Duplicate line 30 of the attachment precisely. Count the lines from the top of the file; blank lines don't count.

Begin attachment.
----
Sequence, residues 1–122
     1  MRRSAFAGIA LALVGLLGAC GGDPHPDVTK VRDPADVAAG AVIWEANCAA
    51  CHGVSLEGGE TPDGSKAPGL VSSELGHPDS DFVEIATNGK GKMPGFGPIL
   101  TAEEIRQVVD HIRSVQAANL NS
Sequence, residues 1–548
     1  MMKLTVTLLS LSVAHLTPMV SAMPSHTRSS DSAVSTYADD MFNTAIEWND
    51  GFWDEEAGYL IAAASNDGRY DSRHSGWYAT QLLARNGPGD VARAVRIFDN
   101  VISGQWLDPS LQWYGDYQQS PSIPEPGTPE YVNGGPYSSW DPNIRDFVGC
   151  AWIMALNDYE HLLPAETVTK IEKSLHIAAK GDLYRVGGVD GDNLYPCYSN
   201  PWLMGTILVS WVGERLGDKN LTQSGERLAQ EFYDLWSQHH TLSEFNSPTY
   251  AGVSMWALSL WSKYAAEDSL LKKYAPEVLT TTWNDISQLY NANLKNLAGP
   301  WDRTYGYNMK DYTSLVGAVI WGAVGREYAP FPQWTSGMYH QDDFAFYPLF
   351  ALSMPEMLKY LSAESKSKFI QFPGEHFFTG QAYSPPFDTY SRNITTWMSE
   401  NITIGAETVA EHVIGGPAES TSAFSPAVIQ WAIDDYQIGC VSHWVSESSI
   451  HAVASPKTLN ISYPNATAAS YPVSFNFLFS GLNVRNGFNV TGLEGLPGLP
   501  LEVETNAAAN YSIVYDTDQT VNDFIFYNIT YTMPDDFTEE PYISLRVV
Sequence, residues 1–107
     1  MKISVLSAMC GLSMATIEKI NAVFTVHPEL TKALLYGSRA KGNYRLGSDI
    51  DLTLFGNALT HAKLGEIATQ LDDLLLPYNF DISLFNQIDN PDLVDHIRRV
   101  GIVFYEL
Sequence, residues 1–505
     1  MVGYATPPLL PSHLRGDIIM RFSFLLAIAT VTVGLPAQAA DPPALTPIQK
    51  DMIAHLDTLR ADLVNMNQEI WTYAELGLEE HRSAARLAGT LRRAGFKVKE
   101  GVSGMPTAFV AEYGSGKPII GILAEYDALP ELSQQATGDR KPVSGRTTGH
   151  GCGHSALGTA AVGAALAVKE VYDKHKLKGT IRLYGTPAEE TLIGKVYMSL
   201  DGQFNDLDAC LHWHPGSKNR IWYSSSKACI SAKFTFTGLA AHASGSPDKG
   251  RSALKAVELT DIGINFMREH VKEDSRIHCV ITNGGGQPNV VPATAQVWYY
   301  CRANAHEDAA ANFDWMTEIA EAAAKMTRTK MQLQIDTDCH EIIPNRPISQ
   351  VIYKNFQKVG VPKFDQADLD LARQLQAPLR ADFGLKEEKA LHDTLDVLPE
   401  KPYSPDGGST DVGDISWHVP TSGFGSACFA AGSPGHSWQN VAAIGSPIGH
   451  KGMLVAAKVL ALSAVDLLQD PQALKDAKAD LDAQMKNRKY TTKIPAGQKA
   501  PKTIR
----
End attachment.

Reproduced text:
   401  KPYSPDGGST DVGDISWHVP TSGFGSACFA AGSPGHSWQN VAAIGSPIGH